3. It might be inconsistent with Chapter III of the Constitution
  4. Judicial skills of identifying issues, applying law and coming to a determination are not relevant in mediation. Further, there is a risk that a judge may confuse their roles as judges and mediators and conduct evaluative mediations that mimic a trial. This tarnishes the essence of ADR as a facilitative process that puts the parties in control
  5. People may feel pressured to settle given the status of a judge and may wrongly interpret statements made by a judge during mediation as authoritative
  6. We may experience a ‘brain drain’ on the judiciary in which judges retire early to pursue careers as professional mediators, placing greater pressure on the court system
  7. Parties may use it as a ‘test run’ for their litigation.

BENEFITS of judicial mediation

  1. It avoids litigation by reaching a settlement, which saves time and money
  2. It introduces a ‘culture of mediation’, allowing courts to embody the concept of a ‘multi-door courthouse’
  3. It introduces variation in the role of a judge, making the work of a judge more interesting
  4. The respect that parties have for a judge enhances cooperation and allows for a faster settlement. Judicial mediation records a high settlement rate and hence is successful.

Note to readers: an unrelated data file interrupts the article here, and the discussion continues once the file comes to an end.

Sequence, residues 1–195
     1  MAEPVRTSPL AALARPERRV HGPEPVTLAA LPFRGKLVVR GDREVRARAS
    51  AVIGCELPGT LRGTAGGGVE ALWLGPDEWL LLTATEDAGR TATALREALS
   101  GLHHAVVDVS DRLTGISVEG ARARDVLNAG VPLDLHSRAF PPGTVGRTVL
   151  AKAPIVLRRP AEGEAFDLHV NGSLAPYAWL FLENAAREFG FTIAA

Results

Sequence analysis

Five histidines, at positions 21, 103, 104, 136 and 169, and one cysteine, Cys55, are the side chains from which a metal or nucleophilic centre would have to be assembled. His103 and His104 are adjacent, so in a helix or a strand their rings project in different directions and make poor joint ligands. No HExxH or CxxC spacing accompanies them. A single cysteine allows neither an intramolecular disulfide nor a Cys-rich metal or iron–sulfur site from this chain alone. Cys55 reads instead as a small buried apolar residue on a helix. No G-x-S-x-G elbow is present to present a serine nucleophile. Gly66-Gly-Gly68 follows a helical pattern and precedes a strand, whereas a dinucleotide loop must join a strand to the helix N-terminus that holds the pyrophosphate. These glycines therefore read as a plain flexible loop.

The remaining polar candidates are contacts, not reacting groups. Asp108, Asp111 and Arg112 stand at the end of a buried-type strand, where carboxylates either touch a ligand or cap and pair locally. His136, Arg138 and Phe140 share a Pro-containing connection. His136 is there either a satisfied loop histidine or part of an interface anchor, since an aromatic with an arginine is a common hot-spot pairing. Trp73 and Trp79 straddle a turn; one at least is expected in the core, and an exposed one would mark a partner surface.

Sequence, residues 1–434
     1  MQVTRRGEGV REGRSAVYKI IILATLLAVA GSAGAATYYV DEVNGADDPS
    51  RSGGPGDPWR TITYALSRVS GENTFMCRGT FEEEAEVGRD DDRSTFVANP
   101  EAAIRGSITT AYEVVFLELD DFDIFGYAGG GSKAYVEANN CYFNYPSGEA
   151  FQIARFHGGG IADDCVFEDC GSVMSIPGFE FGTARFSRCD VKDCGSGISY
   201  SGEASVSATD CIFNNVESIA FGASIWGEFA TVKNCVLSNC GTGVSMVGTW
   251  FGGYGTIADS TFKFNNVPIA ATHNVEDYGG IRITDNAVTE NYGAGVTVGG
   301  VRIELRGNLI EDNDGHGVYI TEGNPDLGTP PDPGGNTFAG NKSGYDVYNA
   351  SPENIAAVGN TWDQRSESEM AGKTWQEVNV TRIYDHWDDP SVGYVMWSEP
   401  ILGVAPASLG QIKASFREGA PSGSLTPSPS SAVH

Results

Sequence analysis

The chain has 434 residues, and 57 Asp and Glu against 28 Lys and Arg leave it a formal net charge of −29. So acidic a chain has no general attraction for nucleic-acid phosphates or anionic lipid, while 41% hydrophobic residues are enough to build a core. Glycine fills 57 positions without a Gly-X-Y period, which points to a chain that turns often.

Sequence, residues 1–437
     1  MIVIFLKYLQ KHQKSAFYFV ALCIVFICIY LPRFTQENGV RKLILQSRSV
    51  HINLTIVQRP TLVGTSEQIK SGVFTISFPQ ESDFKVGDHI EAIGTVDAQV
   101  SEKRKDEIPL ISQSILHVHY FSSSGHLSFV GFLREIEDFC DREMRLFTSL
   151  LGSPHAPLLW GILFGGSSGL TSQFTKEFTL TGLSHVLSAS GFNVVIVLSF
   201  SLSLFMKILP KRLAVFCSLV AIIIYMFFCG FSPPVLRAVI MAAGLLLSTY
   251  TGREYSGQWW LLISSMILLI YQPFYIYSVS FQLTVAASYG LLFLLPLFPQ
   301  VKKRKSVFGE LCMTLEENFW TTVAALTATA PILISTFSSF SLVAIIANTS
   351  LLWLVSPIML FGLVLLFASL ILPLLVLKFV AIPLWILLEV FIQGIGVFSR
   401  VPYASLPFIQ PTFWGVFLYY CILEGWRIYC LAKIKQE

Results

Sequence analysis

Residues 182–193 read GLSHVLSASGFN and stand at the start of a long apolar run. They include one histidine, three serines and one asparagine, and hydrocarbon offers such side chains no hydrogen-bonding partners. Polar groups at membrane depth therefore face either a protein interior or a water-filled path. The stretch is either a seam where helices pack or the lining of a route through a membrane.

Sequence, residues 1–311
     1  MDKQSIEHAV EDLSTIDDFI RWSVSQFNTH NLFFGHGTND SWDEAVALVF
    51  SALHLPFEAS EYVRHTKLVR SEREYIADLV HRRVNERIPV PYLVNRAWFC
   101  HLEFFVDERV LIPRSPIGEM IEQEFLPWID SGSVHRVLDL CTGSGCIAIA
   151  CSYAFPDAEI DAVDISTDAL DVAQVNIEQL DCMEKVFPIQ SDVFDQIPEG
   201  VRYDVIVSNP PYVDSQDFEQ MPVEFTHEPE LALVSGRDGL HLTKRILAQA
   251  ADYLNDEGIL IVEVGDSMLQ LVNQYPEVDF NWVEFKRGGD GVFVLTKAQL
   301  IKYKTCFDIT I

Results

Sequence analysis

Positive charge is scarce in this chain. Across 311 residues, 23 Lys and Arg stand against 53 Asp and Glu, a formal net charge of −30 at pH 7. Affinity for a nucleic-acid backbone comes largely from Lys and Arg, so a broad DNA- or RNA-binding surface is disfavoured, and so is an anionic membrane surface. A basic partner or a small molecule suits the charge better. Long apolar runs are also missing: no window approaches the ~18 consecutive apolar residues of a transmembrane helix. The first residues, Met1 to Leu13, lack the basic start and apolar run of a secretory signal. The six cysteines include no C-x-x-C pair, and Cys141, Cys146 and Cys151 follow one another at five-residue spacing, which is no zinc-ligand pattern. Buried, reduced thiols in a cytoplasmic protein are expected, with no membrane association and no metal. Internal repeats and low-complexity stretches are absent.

The benefits described in points [1] and [2] are benefits of mediation in general, can be achieved by private ADR providers and are not specific to the practice of judicial mediation. 

To properly assess the effectiveness of judicial mediation, we must turn our attention to the differences between judicial mediation and alternative ADR services.

The key difference that exists is contained in the category of arguments in favour of judicial mediation, which suggest that judges can and should use their ‘credibility and respect’ to achieve settlements. 

Supporters of judicial mediation say the element of respect can be of significant assistance in securing cooperation in the process and willingness to consider options for settlement.

And we can hear the scream (mostly of mediators) that in mediation people should not be influenced in their decision-making by the mediator. 

There is research internationally that supports the concern that judges, when engaged in mediation, use power or influence to promote private settlements. For whose benefit are they exercising that power? 

If it is for the benefit of the parties then there is an assumption that judges know best what is good for litigants. That is an assumption that can only be supported by a paternalistic view of society that suggests that appointment to the role of judge qualifies that person with a special wisdom about commercial and personal needs and interests of disputants. The proposition only needs to be stated to be exposed as absurd given the (usually) limited business experience of senior lawyers. 

Judges should judge. They smell a particular way.

Even if we call them mediators, judges smell the same and research demonstrates they will act in the same way. That means they are not mediators even when they are conducting judicial mediation; they are judges, and the different processes of dispute resolution risk confusion.

Steve Lancken is a mediator and the principal of Negocio Resolutions, Ashna Taneja is a Law Student at UNSW and research assistant with Negocio Resolutions.


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Judging mediation